This website is not affiliated with the U.S. government or military.

Can I Still Get the Post 9/11 GI Bill Even Though I Initially Declined It?

Q: I am a new service member and through basic training, however, I declined the New GI Bill not knowing exactly what it was all composed of. Now that I am in the Operational AF, I have looked into the New GI Bill and was wondering if I could still apply.

A: I think you are mixing apples and oranges in your question. Number one is you don’t have to apply or pay a fee for the New or Post 9/11 GI Bill. It is free to you just by serving on a Title 10 order for a minimum of 90 days after September 10, 2001.

The GI Bill you declined was the Montgomery GI Bill. That is the one offered at basic training and the one that you have to pay a $1,200 contribution fee – $100 per month for your first 12 months of service.

Generally speaking, the New GI Bill is a much better GI Bill anyway. If you spend at least three years on active duty and get out with an Honorable discharge, you will have 36 months of education benefits you can use … enough for four 9-month academic years of school.

However, you could also use your New GI Bill benefits while serving. It is called the Tuition Top-Up program. How it works is if you are using Tuition Assistance (TA), your service branch pays your whole tuition bill. The amount over what TA can pay by law is billed by your service branch to the VA.

The VA in turn deducts the number of months in your semester from your Post 9/11 GI Bill unused remaining benefits. If the tuition difference is small, you may want to just pay it out-of-pocket instead of burning up a semester’s worth of GI Bill benefits for what little bit you would get out of it.

Privacy Policy | About Us | FAQ | Terms of Service | Disclaimers | Do Not Sell My Personal Information (CA and NV residents)

Copyright © 2023 EducationDynamics. All Rights Reserved.

This is a private website that is not affiliated with the U.S. government, U.S. Armed Forces or Department of Veteran Affairs. U.S. government agencies have not reviewed this information. This site is not connected with any government agency. If you would like to find more information about benefits offered by the U.S. Department of Veteran Affairs, please visit the official U.S. government web site for veterans’ benefits at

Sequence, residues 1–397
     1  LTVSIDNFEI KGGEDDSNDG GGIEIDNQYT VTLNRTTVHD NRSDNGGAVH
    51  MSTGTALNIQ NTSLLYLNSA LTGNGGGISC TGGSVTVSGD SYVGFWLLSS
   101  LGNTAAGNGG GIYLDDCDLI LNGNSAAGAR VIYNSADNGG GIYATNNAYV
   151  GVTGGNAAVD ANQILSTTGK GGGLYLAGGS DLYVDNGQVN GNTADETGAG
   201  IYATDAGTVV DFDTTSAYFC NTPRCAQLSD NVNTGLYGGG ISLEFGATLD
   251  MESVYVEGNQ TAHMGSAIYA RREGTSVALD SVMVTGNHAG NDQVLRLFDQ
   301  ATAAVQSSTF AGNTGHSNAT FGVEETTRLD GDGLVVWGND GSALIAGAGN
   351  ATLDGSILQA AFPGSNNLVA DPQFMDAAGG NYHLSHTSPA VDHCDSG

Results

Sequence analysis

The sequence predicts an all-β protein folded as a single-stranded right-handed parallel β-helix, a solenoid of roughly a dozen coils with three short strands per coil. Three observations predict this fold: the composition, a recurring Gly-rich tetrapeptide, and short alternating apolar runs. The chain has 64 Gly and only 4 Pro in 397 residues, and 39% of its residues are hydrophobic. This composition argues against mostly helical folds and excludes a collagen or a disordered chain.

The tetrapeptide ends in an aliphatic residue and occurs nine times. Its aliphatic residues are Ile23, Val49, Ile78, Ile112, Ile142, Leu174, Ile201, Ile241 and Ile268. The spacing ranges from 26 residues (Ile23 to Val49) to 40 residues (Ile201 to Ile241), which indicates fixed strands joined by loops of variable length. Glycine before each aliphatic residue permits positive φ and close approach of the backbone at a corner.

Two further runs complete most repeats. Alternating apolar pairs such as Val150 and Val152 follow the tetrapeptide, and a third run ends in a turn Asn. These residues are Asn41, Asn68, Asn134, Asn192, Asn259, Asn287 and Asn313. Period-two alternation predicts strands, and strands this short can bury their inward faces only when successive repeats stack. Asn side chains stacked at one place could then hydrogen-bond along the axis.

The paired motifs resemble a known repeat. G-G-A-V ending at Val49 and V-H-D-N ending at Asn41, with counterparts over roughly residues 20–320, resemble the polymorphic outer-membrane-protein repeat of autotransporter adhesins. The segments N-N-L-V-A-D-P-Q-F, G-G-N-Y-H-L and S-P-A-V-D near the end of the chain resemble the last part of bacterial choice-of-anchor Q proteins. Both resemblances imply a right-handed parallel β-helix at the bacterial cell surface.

The sponsored schools featured on this site do not include all schools that accept GI Bill® funding or VA Benefits. To contact ArmyStudyGuide, email us.

Disclosure: EducationDynamics receives compensation for the featured schools on our websites (see “Sponsored Schools” or “Sponsored Listings” or “Sponsored Results”). So what does this mean for you? Compensation may impact where the Sponsored Schools appear on our websites, including whether they appear as a match through our education matching services tool, the order in which they appear in a listing, and/or their ranking. Our websites do not provide, nor are they intended to provide, a comprehensive list of all schools (a) in the United States (b) located in a specific geographic area or (c) that offer a particular program of study. By providing information or agreeing to be contacted by a Sponsored School, you are in no way obligated to apply to or enroll with the school.

This is an offer for educational opportunities that may lead to employment and not an offer for nor a guarantee of employment. Students should consult with a representative from the school they select to learn more about career opportunities in that field. Program outcomes vary according to each institution’s specific program curriculum. Financial aid may be available to those who qualify. The financial aid information on this site is for informational and research purposes only and is not an assurance of financial aid.

VFW $30,000 Scholarship!
Write an essay on the annual patriotic theme. This year’s theme is, “Why Is The Veteran Important?”